The Snow Killer: Part Five
Diane walked out the main door of the pub, and headed east to find a taxi. She walked for a few minutes before she saw any sign of a waiting cabby. They always avoid this part of town; don't want pick up any students. I don't blame them. They make so much noise. She waved him down and climbed in.
"Where to, love? Time'n half 'cause of the snow."
"Yes, it's fine. Westgate Drive. No rush."
"Yes, ma'am." The cab driver switched the overhead light off and started the engine. Diane sank into the back seat. She had always hated cabs, but she couldn't drive when she'd been drinking, and it was freezing, so there was no point fussing.
She thought about the boy, the boy with the blonde hair and the cut-glass cheekbones. She closed her eyes and he was there; kissing her; whispering deep, love-filled words into her ear. Danny looked like the boy a little bit.
"He's gone, stop thinking about him. He isn't going to come back to you. Jerry made sure of that. So, stop thinking about him." She whispered to herself.
"You alright, love? Bit of boyfriend trouble?"
"Nah, a bit of husband trouble, mate." Diane scolded herself for speaking like that. She hated pretending she was common, but it stopped her feeling superior most of the time, knowing that everyone around her thought she was a common housewife from the estate, instead a posh housewife with a criminal for a husband.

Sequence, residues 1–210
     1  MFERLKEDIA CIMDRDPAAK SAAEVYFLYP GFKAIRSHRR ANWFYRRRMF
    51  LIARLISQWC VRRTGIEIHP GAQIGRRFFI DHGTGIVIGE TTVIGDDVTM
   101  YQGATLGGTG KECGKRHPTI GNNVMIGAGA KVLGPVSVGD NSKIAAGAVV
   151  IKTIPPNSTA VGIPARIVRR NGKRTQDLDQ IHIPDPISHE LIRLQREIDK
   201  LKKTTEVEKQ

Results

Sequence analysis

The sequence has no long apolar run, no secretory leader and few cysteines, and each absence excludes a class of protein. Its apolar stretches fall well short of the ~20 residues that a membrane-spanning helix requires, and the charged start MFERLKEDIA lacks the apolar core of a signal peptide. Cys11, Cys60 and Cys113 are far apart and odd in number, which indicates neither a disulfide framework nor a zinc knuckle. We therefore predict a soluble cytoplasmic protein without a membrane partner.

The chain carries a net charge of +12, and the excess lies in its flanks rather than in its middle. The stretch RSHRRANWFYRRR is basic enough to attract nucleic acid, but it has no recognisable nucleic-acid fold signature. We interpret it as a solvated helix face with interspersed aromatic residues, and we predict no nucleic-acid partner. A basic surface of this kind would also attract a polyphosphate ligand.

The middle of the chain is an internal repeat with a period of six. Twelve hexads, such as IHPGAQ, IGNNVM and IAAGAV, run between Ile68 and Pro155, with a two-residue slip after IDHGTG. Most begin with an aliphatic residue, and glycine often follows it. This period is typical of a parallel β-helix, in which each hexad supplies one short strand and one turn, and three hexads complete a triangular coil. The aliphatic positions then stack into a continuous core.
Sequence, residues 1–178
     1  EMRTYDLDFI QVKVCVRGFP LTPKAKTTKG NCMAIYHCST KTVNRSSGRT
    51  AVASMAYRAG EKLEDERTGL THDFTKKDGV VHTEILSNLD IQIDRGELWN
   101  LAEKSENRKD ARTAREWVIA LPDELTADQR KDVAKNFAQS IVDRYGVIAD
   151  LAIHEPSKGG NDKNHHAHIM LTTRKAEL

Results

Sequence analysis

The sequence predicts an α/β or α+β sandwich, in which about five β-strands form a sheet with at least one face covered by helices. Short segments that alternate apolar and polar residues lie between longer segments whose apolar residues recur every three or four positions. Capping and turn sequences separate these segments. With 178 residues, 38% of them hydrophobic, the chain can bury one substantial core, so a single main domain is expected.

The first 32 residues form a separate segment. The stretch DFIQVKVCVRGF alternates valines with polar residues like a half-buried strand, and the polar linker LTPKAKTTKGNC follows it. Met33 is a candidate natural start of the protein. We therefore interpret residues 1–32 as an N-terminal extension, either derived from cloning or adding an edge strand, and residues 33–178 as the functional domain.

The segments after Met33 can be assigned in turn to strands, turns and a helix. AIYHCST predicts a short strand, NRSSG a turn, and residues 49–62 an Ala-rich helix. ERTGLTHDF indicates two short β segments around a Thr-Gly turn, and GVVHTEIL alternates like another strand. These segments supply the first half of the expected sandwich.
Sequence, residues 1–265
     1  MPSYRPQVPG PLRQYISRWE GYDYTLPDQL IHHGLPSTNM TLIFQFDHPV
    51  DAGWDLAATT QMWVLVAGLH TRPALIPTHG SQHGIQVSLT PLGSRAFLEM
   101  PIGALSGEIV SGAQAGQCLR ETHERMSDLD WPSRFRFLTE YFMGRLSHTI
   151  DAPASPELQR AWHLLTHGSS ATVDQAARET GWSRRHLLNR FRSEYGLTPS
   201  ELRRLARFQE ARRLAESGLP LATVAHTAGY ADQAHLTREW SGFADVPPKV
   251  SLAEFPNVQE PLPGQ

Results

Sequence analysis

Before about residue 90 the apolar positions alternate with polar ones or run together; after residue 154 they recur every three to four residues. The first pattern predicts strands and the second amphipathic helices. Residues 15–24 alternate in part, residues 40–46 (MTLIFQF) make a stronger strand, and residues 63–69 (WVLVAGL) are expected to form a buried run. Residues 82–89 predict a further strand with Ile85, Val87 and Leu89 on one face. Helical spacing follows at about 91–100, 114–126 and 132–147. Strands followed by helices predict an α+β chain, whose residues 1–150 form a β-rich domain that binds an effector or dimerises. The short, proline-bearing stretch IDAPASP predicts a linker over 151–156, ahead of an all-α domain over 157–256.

Westgate Drive was certainly not an estate. 23 Westgate Drive, Canterbury. She had lived in Canterbury nearly all her life, in that exact house, for 35 years. Diane loved that house more than anything.
23 Westgate Drive was the smallest house amongst the 50 houses that surrounded it, because it was sandwiched between two great manor houses. Number 23 was a faded duck-egg blue, with silver woodwork and a dark-stained oak door. Mrs Tabatha Finn died in 1954 and left it for Diane's great uncle, a Mr Roger Tate. When her uncle died of an unsuspected heart attack, Diane's parents inherited the house, who in turn left it to Diane for when she married and started a family.
Diane met her husband six months before they got married. She had fallen in love with him, with his beautiful violet eyes and the shiny auburn hair. But, like the flame of his mane; Jerry had a temper.